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Re: Script exceeded execution time limit for 30 seconds

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Harry_McDonald
6 - Interface Innovator
6 - Interface Innovator

Hey there,

I have a script which:

  1. Takes the Qty of a product and creates rows in another table based on this qty.
  2. At the same time it maps 2 x Linked Record fields and sets the row ‘Status-’ to a pre-defined value.

The script is running wonderfully until the ‘Qty’ of a product starts to increase - for example I received the ‘Script exceeded execution time limit for 30 seconds’ error based on a qty of 380.

I’m a little confused at why this is occurring and wondering if anyone has any suggestions on the script posted below?

Thanks in advance.

let inputConfig = input.config()
let originalLineItem = inputConfig.originalLineItem
let originalProject = inputConfig.originalProject
let quantity= inputConfig.quantity



let tableToUpdate = base.getTable('Inventory Ledger')
let updates = new Array

for (let i = 0; i < quantity; i++){
    updates.push({
        "fields": {
            "Stock! Linked": [{id:originalLineItem[0]}],
            "Allocated to (remember late is best)": [{id:originalProject[0]}],
            "Status-": {name: 'Forecast (we need at some point in the future)'},
        }
    })
}

while (updates.length > 0) {
    await tableToUpdate.createRecordsAsync(updates.slice(0, 50));
    updates = updates.slice(50);
}

7 Replies 7

It looks like you are already sending the requests in batches of 50. However, 380 records is a lot of records to create at in one automation. With batches of 50 records, it still takes 8 batches. Each batch can take several seconds to process. If each batch averages 3.75 seconds, those eight batches takes 30 seconds.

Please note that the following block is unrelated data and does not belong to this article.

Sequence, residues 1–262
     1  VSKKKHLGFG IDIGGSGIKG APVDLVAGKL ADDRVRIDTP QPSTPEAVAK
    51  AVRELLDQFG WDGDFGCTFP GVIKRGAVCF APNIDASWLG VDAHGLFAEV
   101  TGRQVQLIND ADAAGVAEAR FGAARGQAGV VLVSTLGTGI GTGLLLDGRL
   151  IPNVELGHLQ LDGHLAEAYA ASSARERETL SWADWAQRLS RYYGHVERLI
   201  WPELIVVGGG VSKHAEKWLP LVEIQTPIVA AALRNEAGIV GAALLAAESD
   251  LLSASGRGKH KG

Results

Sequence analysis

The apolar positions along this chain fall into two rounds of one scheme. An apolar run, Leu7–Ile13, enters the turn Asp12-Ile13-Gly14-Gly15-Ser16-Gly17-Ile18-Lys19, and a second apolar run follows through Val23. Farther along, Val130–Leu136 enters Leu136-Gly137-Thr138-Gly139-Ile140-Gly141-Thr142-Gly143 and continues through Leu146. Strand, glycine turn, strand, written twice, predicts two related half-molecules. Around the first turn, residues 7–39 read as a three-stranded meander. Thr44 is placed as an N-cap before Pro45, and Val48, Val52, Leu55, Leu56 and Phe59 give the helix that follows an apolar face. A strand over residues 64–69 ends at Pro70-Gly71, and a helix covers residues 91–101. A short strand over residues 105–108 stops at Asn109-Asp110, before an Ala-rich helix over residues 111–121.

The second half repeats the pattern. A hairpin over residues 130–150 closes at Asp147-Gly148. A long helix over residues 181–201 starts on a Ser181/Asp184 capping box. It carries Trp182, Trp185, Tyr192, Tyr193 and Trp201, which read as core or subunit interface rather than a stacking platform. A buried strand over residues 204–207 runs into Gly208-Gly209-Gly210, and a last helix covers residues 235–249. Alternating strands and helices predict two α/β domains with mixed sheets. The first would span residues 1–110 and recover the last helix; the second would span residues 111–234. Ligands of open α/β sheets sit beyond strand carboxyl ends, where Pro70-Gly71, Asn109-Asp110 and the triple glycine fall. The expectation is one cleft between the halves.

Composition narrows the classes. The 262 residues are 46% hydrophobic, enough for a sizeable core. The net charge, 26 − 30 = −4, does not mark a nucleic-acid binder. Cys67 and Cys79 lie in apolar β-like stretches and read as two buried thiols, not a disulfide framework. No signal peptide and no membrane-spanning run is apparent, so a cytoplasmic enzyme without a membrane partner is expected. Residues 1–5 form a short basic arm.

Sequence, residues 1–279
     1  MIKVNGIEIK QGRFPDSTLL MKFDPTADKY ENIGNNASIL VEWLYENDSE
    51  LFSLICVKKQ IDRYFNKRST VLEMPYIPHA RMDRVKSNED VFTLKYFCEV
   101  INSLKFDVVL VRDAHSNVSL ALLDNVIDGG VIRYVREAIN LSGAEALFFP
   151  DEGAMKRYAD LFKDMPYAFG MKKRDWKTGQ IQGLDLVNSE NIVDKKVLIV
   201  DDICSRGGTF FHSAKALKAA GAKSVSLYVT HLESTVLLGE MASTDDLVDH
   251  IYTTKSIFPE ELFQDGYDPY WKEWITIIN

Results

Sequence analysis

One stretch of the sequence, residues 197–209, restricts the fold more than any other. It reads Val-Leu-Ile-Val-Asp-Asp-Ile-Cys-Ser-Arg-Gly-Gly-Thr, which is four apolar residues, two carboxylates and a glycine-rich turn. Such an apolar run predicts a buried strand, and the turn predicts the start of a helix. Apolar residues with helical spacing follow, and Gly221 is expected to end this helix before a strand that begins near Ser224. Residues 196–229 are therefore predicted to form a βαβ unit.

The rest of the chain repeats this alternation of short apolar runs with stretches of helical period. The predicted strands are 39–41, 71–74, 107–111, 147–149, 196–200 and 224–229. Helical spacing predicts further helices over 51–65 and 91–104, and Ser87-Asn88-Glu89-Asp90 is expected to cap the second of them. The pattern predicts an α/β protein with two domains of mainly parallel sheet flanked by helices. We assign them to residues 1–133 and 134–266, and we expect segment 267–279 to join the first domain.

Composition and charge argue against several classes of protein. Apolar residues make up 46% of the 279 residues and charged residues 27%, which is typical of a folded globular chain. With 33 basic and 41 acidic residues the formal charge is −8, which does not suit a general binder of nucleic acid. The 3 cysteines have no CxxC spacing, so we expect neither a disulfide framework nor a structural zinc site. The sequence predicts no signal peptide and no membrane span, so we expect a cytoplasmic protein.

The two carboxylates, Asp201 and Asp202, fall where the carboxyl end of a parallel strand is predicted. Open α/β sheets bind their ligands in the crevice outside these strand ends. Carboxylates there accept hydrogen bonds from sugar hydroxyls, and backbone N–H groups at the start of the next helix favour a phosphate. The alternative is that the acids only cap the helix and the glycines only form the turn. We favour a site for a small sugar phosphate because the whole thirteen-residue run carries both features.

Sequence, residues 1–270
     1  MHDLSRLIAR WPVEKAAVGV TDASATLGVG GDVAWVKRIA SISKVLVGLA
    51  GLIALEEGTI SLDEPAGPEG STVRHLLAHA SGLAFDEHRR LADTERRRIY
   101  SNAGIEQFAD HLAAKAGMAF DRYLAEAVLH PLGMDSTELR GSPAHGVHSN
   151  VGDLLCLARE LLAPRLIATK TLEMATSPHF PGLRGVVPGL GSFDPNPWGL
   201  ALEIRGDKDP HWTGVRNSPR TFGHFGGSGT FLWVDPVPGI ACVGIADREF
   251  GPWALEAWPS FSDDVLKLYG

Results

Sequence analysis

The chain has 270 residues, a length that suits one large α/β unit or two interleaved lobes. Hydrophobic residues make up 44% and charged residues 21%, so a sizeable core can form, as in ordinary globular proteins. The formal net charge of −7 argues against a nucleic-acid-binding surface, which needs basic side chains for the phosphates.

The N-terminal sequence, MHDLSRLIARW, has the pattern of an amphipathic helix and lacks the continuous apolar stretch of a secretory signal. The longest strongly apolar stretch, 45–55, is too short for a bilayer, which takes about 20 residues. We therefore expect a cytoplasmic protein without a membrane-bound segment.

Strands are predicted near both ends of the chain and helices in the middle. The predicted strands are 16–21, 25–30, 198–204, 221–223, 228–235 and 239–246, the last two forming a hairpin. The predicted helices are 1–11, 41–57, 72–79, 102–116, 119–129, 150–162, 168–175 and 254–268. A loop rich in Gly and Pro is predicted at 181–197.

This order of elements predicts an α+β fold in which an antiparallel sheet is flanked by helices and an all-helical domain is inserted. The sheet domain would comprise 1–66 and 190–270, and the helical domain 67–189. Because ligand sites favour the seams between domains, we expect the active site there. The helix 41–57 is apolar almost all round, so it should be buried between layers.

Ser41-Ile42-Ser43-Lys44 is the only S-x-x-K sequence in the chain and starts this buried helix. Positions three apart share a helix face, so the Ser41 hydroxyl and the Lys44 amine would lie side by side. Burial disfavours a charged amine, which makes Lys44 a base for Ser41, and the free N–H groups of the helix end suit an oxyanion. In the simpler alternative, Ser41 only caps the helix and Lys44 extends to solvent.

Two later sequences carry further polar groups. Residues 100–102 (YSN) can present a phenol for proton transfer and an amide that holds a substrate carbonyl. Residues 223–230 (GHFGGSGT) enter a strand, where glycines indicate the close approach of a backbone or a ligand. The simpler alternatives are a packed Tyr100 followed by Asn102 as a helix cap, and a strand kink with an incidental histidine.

You have no control over how long it takes Airtable to create a batch of records. The time depends on how busy Airtable’s servers are, and the complexity of your base schema. Records with complex formula chains of lots of lookups/rollups take longer to create.

On the other hand, you might not need to await the results of the request to create the records. If you do not await the request, you can send up to 15 requests per second. This still has performance implications for the base as a whole, but you would be able to submit your requests to create 380 records within those 30 seconds.

Yet, I still wonder at the need to automatically create multiple hundreds of records all at once. If you do this very often you will quickly reach the record limits of the base.

Thanks for the response, helpful as always.

Would you mind elaborating on ‘not needing to await results’ and how I could look to implement?

This is a test for an inventory management system, where each record represents a product which can be allocated and have its status tracked independently. The automation won’t be running very frequently only when new inventory is added to the system.

Leave out the await keyword. And if you are creating more than 750 records, make sure that you add in a pause so that you do not exceed the 15 mutations per second rate limit.

Thanks again. Removing the await keyword worked but I’m confused about the pause and where I would add this. If anyone else had any ideas that would be awesome.

Do you not understand the reason for needing a pause if you have over 750 records to create?

Or do you not know how to implement a pause?
If so, you can search these forums for how to script a pause.

var millisecondsToWait = 500;
setTimeout(function() {
    // Whatever you want to do after the wait
}, millisecondsToWait);

//Pauses your execution

Welcome to the Airtable community!

Thank you for trying to help out others on this forum. However, setTimeout is not available in an automation script. There are other workarounds on these forums for implementing a pause in an automation script.